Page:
Because teacher certification requirements generally require work experience in the trade and industrial area being taught, as well as a passing score on a nationally recognized skill competency examination, one may be reasonably assured that vocational educators possess the experience and occupational skills to prepare students for work. A study conducted in 1993 for the American Vocational Association reported that 13 states require a baccalaureate degree with experience and /or courses in specific technical fields for teacher certification in Trade and Industrial Education (American Vocational Association, 1993). Non-baccalaureate degree requirements exist as a minimum in 13 states. Certification in the remaining 24 states can be earned with a non-baccalaureate program or a baccalaureate degree. About half of the states "require prospective vocational teachers to pass occupational competency tests before they are certified . . ." (American Vocational Association, 1993, p. 35). In 1989, Alabama, Arkansas, Colorado, Georgia, Indiana, Iowa, Kansas, Kentucky, Louisiana, Michigan, Mississippi, North Dakota, Oklahoma, Pennsylvania, Rhode Island, Utah, Vermont, Virginia, and West Virginia used the National Occupational Competency Testing Institute examinations (NOCTI) for "initial certification, for recertification with the first year or for pre-service teachers lacking work experience" (American Vocational Association, 1993, p. 35). A baccalaureate degree with a major field of study in Trade and Industrial Education (T&I) generally includes a technical component of 32 to 45 semester hours. In addition to having an earned baccalaureate degree or a baccalaureate degree in education with a technical specialty, graduates are required to have in-depth technical knowledge as demonstrated by completed course work, passing a technical competency exam, and/or industrial experience in the trade or industrial education field to be taught (American Vocational Association, 1993).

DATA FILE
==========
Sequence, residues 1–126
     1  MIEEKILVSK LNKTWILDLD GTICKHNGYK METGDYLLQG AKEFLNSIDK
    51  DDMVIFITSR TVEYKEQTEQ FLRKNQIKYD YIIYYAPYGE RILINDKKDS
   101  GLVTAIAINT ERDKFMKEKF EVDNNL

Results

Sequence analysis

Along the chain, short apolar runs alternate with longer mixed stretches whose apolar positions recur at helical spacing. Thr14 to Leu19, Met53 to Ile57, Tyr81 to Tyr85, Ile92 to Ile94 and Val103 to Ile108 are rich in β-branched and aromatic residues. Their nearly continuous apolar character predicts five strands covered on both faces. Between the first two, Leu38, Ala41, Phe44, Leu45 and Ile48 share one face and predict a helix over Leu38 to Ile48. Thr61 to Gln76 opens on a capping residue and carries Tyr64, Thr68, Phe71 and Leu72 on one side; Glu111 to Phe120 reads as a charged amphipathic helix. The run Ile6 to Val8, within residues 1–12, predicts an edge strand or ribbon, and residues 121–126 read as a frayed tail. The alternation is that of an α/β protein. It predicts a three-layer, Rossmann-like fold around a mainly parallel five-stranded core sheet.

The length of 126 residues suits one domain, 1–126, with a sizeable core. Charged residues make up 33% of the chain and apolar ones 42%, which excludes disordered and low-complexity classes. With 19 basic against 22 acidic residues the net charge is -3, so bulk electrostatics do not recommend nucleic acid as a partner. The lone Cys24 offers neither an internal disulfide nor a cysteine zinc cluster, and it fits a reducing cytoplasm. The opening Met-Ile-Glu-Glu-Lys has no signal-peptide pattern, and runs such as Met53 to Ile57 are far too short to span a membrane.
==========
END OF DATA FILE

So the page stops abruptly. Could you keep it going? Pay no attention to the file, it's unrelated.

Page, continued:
However, the education needs of special population learners may not be addressed effectively in T&I teacher education programs. Due to time constraints in teacher education programs, future T&I teachers lack knowledge regarding special needs students who are enrolled in vocational education. In most cases, T&I instructors have not been prepared adequately to provide the instruction and support systems that special populations learners need.